As the senior correspondent in North America, Rob has travelled widely and reported on a diverse range of subjects, from the exploitation of Haitian sugar-cane workers in the Dominican Republic, to the lingering health effects of Cold War-era uranium mining among the Navajo native people in the American southwest, to the controversy surrounding the US detention camp at Guantanamo Bay, Cuba. He has reported from locations as diverse as Alaska, Venezuela, Montana, Mexico and British Columbia. Rob recently conducted an exclusive in-depth interview with US Joint Chiefs of Staff Chairman Admiral Mike Mullen.

Before joining AJE, Rob covered the 2000 and 2008 US Presidential elections for CNBC. He was Moscow correspondent for NBC News during the turbulent Yeltsin years. He covered the first Gulf war and the war in Chechnya for CNN.

Rob has received an Emmy Award and a Robert F Kennedy Memorial Journalism Award for his reporting.


Alireza Ronaghi
Alireza Ronaghi (Tehran) chose an unusual route into journalism - he left school determined to be a doctor, but while studying medicine took up freelance journalism to earn some spare cash.

He qualified as a medical doctor in 1994, but realised news was his passion – so returned to college, this time to study journalism.

In 1999 he joined Japanese TV network NHK, and worked in their Tehran bureau for six years. In 2005, he moved to Reuters, and Alireza joined Al Jazeera English in February 2007.


Jacky Rowland
Jacky Rowland (Jerusalem) is an internationally recognised television correspondent, with experience of covering conflicts in the Balkans and the Islamic world.

She joins Al Jazeera from the BBC, where she held a number of high-profile foreign postings. She is probably best-known for her coverage of the former Yugoslavia.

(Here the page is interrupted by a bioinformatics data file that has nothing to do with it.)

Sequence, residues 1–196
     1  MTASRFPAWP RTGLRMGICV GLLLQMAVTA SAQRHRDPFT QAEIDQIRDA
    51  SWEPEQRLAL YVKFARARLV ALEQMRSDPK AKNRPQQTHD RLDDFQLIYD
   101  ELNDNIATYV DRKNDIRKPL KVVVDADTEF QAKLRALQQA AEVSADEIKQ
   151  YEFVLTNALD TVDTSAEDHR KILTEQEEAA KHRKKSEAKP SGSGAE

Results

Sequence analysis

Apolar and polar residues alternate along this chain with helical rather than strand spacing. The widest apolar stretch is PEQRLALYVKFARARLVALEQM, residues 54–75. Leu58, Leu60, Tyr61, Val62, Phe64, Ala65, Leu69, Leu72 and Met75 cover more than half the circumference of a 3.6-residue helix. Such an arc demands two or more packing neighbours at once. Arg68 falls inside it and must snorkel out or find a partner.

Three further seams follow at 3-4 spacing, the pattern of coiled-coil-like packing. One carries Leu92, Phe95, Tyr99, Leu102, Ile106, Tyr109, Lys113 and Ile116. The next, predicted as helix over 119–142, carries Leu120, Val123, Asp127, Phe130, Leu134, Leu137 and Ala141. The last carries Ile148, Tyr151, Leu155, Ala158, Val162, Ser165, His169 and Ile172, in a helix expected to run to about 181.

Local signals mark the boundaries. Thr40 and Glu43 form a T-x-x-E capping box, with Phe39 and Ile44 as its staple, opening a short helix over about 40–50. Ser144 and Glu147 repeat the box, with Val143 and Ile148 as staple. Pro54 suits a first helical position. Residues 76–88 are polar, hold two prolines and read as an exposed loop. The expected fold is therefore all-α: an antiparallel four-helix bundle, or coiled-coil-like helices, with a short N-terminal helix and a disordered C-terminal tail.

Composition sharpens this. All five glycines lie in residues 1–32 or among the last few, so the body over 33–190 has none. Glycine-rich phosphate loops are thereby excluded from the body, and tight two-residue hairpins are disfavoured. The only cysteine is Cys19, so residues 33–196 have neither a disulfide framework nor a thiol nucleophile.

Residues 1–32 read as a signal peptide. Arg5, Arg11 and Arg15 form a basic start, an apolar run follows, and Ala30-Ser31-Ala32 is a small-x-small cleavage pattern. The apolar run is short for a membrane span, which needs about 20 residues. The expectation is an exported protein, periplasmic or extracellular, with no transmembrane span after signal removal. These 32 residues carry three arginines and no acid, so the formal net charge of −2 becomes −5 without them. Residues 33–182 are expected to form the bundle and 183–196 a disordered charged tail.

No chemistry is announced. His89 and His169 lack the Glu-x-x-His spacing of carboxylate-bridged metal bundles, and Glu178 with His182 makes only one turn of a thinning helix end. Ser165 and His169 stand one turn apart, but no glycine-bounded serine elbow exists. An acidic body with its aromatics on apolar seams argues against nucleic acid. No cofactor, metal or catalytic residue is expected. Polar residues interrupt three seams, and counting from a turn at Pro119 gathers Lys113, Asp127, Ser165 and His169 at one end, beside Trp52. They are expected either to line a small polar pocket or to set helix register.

In October 2000, she defied an expulsion order by the Serbian authorities, went into hiding, and emerged in time to cover the overthrow of the former president, Slobodan Milosevic.

Her reporting earned her a Royal Television Society Award in 2001. Jacky joined the BBC as a trainee in 1989.

In the subsequent 16 years, her career as a foreign correspondent took her to North Africa, the Middle East, the Balkans, Russia, Afghanistan and the United States.


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Mohamed Vall Salem
Mohamed Vall Salem (Doha) was a reporter for Al Jazeera's Arabic network before transferring to the new English channel in 2006.

He has covered major news events all over the world - from the Tsunami in Sri Lanka to a general election in India and the World Economic Forum in Switzerland. He has produced two documentaries on the relation between oil resources and political conflicts in Sudan (the civil war in the south and Darfur).

Before joining Al Jazeera English he worked as political and cultural news editor with Al-Alam newspaper in Morocco. He holds a post graduate degree in English literature from Mohamed V University of Rabat, Morocco.


Kristen Saloomey
Kristen Saloomey (New York) has 15 years of news reporting from across the United States with NBC.